Type 2 Diabetes and Exercise – Pros and Cons of Walking


If there is one exercise we are all familiar with – even those of us who are sedentary – it is walking. No form of exercise is easier or simpler. It is part of our everyday life: you do not need any equipment or practice.

When discussing physical activity and health, walking always deserves mention. Many are quick to dismiss this form of activity because it does not have the same calorie-burning benefits as other exercises such as cycling or running. But that is no reason to overlook it totally. Besides, the primary reason you should be exercising should not be directed at weight loss, it should be for your overall health. A healthy lifestyle will facilitate weight loss by consequence.

We would like to go over the pros and cons of walking, so you can determine if it is something you should make more time for in your life.

The Pros…

  • it is simple, easy to do, and it counts
  • you can concentrate on other things while you walk. For example, you can listen to a podcast or language course.
  • it is low-impact and joint friendly.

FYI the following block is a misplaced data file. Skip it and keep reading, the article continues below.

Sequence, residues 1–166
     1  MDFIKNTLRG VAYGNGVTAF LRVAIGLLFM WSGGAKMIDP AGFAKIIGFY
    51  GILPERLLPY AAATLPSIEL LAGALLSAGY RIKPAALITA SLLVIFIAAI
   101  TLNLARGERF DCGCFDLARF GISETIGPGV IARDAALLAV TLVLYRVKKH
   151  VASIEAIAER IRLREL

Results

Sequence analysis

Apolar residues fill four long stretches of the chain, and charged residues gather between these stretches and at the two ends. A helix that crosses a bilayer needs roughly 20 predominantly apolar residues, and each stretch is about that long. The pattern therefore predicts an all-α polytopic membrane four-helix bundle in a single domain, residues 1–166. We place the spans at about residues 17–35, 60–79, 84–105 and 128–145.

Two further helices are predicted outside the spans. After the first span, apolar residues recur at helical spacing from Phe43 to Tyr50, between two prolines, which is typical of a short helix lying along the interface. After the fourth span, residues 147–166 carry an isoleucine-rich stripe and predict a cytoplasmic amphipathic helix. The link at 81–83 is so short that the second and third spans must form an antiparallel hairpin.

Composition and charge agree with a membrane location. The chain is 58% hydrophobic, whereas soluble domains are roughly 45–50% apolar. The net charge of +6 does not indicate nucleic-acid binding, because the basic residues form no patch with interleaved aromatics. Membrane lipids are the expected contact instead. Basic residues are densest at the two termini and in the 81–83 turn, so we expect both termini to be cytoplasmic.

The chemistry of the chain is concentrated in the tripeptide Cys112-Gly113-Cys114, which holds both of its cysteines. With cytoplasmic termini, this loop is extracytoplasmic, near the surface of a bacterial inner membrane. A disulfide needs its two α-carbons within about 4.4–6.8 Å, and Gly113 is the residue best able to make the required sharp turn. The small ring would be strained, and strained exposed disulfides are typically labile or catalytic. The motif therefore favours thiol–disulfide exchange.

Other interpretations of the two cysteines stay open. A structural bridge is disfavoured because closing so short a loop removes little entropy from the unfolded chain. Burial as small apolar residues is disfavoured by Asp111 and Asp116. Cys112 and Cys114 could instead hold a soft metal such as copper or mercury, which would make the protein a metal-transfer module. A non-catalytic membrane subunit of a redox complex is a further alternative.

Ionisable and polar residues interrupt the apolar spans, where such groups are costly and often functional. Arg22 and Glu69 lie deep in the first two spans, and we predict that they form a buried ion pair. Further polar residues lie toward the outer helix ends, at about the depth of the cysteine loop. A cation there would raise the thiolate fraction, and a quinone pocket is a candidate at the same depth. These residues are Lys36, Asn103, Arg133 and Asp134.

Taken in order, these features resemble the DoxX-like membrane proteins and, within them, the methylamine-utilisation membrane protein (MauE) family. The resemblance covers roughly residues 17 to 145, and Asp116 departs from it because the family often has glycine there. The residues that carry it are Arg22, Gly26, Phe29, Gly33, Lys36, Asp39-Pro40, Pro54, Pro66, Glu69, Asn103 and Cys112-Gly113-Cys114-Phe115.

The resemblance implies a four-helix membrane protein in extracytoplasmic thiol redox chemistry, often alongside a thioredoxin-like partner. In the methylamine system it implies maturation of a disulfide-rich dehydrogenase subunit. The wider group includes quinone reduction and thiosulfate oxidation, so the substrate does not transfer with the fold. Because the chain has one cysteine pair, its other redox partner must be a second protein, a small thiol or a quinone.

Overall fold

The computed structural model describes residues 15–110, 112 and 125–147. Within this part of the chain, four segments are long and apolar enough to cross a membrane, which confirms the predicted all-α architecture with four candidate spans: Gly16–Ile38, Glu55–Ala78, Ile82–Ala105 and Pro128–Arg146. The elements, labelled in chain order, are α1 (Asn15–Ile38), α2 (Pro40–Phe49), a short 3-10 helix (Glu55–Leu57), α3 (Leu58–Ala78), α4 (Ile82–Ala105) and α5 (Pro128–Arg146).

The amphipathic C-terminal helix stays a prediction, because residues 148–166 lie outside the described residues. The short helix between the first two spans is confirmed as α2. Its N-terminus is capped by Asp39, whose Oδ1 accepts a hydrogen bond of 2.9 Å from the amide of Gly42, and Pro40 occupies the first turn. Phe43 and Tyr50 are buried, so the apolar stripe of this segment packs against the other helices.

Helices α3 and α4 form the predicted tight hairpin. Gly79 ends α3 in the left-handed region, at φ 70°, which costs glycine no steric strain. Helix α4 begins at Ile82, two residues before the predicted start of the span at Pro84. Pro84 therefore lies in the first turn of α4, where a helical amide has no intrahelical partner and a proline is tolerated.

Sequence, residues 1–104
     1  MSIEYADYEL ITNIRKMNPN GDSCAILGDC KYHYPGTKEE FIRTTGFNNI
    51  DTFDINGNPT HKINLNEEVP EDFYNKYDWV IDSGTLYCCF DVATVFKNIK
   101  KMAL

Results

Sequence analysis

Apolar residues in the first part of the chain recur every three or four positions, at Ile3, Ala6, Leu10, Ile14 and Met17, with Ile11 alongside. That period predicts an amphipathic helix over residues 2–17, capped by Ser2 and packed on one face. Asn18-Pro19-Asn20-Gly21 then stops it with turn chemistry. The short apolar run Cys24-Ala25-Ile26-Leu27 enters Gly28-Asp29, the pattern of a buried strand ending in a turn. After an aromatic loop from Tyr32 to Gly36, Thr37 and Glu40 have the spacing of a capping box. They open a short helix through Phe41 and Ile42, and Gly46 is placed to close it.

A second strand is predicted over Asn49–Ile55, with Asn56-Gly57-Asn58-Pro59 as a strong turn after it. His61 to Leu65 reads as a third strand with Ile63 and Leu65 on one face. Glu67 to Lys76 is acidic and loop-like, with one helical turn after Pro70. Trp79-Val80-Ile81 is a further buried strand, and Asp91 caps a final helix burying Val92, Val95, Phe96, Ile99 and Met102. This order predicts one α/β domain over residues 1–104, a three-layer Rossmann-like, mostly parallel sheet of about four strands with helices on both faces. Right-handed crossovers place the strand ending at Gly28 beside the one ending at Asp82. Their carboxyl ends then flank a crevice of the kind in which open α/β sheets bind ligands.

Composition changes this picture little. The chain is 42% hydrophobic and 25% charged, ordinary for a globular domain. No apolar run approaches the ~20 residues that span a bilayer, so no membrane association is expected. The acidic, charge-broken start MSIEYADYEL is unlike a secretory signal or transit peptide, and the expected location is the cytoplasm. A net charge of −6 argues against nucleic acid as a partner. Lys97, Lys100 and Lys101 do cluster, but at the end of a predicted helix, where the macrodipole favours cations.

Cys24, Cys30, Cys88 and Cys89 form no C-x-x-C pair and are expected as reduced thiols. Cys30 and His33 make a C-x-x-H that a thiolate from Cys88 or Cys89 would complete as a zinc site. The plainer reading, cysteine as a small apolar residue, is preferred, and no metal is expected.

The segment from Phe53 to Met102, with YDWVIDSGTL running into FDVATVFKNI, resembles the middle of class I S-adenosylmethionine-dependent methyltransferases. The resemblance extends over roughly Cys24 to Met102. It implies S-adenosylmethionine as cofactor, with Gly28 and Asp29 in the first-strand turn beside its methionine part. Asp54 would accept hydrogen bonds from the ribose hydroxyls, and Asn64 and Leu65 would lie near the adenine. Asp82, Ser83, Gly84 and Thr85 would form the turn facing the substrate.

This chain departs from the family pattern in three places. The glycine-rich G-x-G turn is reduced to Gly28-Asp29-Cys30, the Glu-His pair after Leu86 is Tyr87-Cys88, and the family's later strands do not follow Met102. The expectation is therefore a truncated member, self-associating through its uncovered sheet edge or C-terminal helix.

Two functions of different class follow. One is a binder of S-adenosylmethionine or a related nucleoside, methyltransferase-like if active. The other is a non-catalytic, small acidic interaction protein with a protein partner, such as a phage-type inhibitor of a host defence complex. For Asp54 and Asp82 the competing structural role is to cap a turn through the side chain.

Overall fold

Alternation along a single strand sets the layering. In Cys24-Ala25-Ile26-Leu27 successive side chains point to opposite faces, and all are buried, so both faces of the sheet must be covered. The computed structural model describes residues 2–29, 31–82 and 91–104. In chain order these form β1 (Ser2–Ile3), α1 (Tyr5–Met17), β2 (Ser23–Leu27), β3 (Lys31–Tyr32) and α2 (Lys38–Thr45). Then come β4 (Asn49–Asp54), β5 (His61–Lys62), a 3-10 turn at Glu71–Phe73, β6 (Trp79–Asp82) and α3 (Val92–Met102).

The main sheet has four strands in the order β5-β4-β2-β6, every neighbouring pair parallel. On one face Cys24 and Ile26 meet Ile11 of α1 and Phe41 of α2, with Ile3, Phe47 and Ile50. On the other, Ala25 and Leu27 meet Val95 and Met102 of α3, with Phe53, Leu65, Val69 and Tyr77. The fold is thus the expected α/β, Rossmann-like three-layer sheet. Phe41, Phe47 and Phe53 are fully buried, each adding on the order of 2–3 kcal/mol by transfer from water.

• there are no issues with form as is potentially the case with running.
  • overtraining through walking is difficult.

The best part about walking is it is an easy exercise that counts. Walking a few times a week for a dedicated period is enough to keep you active. Keeping yourself mobile will provide you with essential health benefits and act as protection or relief from diseases like Type 2 diabetes and atherosclerosis. With Type 2 diabetes, walking will help lower your blood sugar levels, especially when walking for 14 to 20 minutes following a meal.

An underestimated benefit of walking is it is easy on your joints. Running is a favorite exercise for many because it is excellent for elevating fitness, and burning calories. But it is not a desirable long-term strategy for many people. It is taxing on the joints, and incorrect form can cause many functional problems as well.

The Cons…

  • it is not the most efficient exercise for burning calories.
  • it does not provide the physiological adaptions offered by other types of exercise, like resistance training.
  • it can be boring.

As you can see the cons are few and to some extent trivial. So what if it is not the most efficient exercise for burning calories? You can get around this by managing your diet. It can be tedious too, but an MP3 player can help you fix that.

We think you will agree the benefits more than outweigh the cons. And also, walking is therapeutic. In this sense, walking can be the most relaxing and meditative form of exercise there is.



Source by Beverleigh H Piepers

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